Rev. James Moore / Frank Williams
On the late Rev. James Moore's essential album from 1993, Live in Detroit, one of the several overpowering impacts is the strong friendship that he enjoyed with Gospel pioneer, Frank Williams. It was evident from the powerful back-and-forth duets the two shared on the project, from Williams' expert production of the project and from the inter-song banter and reminiscing that is so prevalent throughout.Producers: Various
album release dates: March, 2001
Both men have since passed away, Williams in 1993 and Rev. Moore in 2000. How entirely appropriate then, that their record label of several years (Malaco) has chosen to simultaneously release 'Best Of' projects from these respective artists.
The Very Best of Rev. James Moore is a 10-track compilation that pulls
together some of the most powerful of his songs from over the years, including a cut from his most recent project (see review) released just prior to his passing ("My Relationship Part 1").
Rev. James Moore Tribute
Rev. James Moore’s recording career began with Savoy Records in 1974, but he had loved the Gospel and Gospel music from his early days in Detroit, where he learned much from Mattie Moss Clark, Elma Hendricks, James Cleveland, Richard White and others. He also gave considerable credit to the Gospel Music Workshop of America......Click on image above for the full tribute.
Other songs on the album showcase just how incredibly God chose to bless the vocal cords of this Gospel giant. Able to move from the richest of low tenor timbres to the most piercing of the higher end, and beyond into a full falsetto, Moore does it so easily that you scarcely notice how nearly impossible it would be for anyone else to do that.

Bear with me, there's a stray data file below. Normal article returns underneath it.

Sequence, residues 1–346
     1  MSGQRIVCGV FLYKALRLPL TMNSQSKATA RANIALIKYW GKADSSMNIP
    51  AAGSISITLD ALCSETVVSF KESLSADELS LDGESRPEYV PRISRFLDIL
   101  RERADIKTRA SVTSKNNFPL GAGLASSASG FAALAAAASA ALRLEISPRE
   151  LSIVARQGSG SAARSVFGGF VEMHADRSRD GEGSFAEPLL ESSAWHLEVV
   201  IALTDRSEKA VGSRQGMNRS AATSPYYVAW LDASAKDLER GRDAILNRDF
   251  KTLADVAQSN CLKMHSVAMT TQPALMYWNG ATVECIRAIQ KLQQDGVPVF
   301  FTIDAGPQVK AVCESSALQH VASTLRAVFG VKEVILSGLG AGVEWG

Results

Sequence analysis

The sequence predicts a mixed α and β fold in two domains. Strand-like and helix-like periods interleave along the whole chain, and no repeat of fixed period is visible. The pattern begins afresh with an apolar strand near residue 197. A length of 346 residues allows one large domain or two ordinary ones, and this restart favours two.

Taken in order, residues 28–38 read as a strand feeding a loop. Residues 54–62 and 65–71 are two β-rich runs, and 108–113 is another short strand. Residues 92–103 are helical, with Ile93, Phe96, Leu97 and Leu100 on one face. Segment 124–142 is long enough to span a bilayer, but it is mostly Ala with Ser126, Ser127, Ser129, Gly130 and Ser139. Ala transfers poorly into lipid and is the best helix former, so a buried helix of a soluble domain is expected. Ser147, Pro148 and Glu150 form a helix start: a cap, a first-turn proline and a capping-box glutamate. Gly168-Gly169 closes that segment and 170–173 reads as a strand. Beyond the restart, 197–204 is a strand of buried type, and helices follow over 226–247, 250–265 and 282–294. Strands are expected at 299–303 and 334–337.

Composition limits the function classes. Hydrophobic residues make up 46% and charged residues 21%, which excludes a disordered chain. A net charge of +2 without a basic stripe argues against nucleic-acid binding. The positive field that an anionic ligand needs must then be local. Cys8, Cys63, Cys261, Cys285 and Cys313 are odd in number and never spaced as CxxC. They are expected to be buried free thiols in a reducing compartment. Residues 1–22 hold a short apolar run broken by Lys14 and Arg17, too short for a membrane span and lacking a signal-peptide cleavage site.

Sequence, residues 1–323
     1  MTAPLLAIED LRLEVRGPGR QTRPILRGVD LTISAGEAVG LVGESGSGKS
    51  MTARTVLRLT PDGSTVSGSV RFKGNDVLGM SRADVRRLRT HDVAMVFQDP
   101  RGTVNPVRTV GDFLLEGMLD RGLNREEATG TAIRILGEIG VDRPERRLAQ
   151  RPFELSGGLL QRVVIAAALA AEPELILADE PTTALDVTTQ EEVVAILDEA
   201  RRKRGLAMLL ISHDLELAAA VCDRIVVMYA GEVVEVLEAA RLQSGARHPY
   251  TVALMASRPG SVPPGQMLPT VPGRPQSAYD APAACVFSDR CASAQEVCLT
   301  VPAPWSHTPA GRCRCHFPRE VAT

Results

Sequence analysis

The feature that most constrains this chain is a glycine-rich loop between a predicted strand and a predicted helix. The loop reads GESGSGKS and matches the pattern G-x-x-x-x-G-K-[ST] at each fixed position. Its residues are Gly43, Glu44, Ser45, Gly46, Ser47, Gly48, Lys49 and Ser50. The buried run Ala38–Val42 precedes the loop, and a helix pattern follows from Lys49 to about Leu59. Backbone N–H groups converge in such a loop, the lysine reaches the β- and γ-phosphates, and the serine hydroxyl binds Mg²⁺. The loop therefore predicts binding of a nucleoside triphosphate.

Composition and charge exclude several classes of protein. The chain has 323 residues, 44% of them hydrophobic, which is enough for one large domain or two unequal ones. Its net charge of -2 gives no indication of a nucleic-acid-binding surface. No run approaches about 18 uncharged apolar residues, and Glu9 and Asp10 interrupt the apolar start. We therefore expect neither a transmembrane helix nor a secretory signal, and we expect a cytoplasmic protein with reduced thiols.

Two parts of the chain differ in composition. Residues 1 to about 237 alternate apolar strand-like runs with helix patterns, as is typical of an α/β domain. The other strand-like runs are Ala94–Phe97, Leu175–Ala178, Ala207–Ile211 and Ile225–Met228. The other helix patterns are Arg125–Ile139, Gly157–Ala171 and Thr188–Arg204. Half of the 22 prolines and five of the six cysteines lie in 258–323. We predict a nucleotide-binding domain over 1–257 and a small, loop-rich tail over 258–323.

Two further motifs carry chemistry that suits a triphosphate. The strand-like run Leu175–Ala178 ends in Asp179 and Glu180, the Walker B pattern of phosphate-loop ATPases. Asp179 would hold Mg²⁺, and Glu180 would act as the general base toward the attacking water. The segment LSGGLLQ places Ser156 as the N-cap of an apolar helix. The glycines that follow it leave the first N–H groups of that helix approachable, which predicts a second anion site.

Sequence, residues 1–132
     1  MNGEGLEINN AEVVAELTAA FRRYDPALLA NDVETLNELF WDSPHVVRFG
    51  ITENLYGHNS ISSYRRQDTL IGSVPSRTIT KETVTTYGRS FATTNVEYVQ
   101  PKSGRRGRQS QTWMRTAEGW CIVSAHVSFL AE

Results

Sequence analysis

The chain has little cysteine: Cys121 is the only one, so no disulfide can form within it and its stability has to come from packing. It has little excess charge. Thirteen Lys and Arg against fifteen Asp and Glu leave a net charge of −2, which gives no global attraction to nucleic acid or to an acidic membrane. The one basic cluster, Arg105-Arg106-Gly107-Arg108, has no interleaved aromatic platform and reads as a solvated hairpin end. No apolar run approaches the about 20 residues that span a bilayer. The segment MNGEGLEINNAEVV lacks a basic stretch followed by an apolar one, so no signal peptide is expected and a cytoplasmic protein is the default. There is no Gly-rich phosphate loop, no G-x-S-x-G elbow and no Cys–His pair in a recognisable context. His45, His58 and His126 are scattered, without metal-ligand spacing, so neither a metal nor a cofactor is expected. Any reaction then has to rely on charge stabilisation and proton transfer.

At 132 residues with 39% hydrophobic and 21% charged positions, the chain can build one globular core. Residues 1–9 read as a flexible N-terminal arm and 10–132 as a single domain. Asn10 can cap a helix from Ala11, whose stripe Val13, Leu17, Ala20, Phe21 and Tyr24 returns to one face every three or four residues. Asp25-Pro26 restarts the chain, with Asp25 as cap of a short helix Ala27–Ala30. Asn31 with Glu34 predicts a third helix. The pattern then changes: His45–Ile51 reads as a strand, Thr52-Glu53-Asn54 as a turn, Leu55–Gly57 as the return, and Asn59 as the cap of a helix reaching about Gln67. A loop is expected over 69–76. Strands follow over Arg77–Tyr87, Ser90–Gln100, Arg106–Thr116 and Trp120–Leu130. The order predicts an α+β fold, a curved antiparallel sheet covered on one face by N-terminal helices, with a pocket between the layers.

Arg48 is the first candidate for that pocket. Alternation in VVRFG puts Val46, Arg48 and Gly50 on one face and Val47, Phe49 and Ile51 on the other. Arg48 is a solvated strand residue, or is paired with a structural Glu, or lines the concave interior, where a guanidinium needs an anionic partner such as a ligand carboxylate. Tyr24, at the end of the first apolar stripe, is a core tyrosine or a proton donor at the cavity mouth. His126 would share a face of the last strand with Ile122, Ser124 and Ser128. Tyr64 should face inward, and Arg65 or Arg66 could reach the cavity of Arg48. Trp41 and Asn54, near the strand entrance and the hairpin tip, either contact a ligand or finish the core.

On "Joy", all that is in abundance, plus plenty of evidence that he knew more than most about how to spontaneously work with a choir (Mississippi Mass in this case). His signature pulses of "Shhhh! Shhh. Shhh Shhh" are simply classic.
To the delight of Moore fans everywhere, the album includes a new song, never before released "Blessed Jesus". Consistent with all his material, the song echoes in lyrics and tone the intensely personal tightness that Rev. Moore had with our Saviour. Accompanied simply by piano, and arranged by Jerry Smith and Jerry Mannery, this is a gem.
Other inclusions are the groovy favorite, "He That Dwelleth", David Curry's "Lift Him Up", and the duet with Frank Williams, "He Was There All The Time". By the time Moore's classic "God Don't Need No Matches" concludes the CD, all in earshot are grateful once again that God has allowed us to be blessed by Moore.
The Frank Williams Collection brings together 10 songs from the Gospel visionary solo efforts never before released on the Malaco label.
As the one of the famous Williams siblings, Frank saw a career that (in brief) began with his being instrumental in the formation of his brothers' trio, The Williams Brothers. This was followed by his subsequent role as lead singer for the renowned Jackson Southernaires (along with his brother Huey), and was finished by the wildly-successful realization of his dream to form a state-wide choir The Mississippi Mass.
(For a expert summary of the entire Williams family history, check out Still Standing Tall published in 1999 on Watson Guptill, in which The Williams Brothers tell their own story.)
An unhurried, soulfully-large warmth of vocal expression defined William's style, heard here on numbers such as "You Can't Hurry God" and "God Never Runs Short of Anything".
Also in the mix of this compilation are the touching story-song "Teddy Bear" and his choir-backed hit version of "Amazing Grace". "Near The Cross", an over 9-minute rendition of the favorite hymn, re-arranged by longtime colleague David Curry, is a highlight of this collection.
Malaco Records claims that these two discs are an essential element to any traditional Gospel collection.
They are so right.
written and reviewed by Stan North —
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